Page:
They’re everywhere. From The Walking Dead to Warm Bodies to World War Z, we love zombie movies. They fit right into the larger apocalyptic trend, which lets us think “well, we’re not that far away from that” and shiver a little. They tap into a fear of science gone wrong (I Am Legend), or of losing everyone you’ve ever met and being forced together with a hodgepodge of unhinged strangers (Zombieland). Sometimes it gets political too.
But whatever it is, in order for it to work, it had better explain itself. You’ve got to know where the zombies came from.
So I was surprised when Life After Beth totally skipped over that one. It doesn’t even take place in the far-off future, where a band of misfits battle for survival surrounded by mindless limping human-shaped monsters with their arms out in front of them. The story is nestled in a nice suburban neighborhood with a warm instrumental soundtrack fitted to the “indie” film it’s trying to be.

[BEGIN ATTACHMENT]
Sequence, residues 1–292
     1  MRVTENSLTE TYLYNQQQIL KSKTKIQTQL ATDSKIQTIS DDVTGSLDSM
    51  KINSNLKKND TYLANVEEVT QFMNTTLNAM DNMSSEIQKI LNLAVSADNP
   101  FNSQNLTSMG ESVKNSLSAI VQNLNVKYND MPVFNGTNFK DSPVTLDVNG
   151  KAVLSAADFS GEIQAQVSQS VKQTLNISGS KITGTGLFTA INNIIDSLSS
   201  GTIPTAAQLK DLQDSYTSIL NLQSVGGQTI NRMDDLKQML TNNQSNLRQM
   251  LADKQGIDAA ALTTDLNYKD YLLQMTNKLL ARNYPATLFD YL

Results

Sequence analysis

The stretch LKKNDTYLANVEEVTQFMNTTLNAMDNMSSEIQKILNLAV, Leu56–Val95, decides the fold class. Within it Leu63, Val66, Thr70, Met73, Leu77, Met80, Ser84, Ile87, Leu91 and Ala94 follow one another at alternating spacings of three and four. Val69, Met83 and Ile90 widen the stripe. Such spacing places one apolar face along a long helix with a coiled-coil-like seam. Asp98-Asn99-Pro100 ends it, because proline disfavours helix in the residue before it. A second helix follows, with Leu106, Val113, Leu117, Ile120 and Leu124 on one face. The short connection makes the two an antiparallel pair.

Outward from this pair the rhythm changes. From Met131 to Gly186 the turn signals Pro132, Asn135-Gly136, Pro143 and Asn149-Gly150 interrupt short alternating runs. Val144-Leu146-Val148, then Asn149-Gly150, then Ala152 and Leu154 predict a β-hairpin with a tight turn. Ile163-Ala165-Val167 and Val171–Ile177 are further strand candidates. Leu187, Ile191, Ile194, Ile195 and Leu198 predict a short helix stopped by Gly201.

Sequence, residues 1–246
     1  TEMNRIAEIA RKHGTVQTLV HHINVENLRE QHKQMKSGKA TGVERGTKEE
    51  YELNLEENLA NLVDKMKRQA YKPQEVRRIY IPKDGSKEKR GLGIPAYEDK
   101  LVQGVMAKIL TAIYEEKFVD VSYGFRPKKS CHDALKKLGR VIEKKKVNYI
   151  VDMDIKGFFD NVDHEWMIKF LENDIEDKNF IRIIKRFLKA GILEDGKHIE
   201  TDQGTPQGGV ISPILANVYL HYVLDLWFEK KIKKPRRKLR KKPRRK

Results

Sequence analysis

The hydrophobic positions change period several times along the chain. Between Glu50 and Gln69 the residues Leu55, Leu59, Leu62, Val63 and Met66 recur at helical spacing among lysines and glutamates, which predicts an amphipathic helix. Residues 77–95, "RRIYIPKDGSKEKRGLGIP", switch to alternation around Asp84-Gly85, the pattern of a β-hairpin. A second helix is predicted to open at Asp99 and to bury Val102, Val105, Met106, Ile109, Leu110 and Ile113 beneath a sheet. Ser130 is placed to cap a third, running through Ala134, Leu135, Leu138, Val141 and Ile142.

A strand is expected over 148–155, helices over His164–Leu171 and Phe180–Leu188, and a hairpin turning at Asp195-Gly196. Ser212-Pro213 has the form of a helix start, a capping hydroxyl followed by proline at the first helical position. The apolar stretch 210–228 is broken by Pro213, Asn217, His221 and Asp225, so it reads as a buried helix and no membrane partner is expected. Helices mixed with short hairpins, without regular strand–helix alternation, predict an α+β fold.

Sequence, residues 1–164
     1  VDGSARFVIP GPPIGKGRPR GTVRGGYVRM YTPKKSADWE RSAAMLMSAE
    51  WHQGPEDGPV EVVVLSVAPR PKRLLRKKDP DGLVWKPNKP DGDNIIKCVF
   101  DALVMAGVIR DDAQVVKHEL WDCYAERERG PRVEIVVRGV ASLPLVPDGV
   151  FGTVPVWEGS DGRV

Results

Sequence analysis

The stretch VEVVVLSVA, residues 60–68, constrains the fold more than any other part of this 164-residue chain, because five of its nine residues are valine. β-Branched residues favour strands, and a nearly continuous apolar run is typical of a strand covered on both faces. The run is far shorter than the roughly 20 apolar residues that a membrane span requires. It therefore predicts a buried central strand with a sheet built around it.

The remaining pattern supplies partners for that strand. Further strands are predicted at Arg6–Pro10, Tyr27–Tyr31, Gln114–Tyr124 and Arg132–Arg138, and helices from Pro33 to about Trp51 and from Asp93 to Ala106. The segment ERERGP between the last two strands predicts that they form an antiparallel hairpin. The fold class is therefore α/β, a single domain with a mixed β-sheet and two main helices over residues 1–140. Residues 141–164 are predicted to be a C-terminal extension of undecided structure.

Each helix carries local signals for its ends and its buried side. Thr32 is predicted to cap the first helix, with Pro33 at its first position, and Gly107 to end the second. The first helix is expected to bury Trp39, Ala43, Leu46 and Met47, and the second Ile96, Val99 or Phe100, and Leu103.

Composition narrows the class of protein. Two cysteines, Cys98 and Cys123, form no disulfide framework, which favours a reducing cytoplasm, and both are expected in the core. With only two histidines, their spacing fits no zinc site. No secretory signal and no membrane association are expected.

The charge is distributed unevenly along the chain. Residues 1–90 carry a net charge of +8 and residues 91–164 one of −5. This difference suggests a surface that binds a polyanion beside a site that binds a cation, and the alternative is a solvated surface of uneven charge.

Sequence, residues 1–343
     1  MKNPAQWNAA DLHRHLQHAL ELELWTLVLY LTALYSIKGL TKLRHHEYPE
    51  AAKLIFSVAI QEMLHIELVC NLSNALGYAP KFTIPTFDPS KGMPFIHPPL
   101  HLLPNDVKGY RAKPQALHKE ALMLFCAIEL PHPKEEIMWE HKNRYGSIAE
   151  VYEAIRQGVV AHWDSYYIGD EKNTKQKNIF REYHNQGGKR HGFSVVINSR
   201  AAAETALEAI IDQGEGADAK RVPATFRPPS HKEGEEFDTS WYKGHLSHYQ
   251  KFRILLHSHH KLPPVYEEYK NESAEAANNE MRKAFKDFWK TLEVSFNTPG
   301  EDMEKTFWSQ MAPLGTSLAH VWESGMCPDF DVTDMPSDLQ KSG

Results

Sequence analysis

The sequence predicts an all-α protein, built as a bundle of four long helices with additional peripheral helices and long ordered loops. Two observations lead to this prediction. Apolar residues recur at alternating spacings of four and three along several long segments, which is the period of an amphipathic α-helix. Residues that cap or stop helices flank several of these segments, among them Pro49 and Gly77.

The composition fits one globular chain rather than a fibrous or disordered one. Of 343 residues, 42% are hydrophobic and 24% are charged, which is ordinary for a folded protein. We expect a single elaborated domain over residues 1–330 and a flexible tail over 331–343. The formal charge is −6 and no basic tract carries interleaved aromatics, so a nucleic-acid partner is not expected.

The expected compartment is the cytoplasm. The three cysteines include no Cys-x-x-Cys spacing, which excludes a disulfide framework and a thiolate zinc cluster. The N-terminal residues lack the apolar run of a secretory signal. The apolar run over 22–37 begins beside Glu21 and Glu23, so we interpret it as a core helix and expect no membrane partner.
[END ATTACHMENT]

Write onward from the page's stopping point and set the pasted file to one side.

Zach (Dane DeHaan) is just coming to terms with the death of his girlfriend Beth (Aubrey Plaza) when she suddenly comes back from the grave. According to her father Mr. Slocum (John C. Reilly), she just showed up at their door a few days after her death from a snake bite. “She died and she’s not dead now. I don’t know why. But my daughter is back!” Days later, rotting flesh and frenzied teeth-gnashing mental breakdowns develop, and more, longer-deceased people start showing up in the same state.
How? Why? We’re never told. We’re expected to be too entertained by the antics of Beth’s mom (Molly Shannon) and the sight of Plaza with an oven strapped to her back to ask.
To be fair, ...1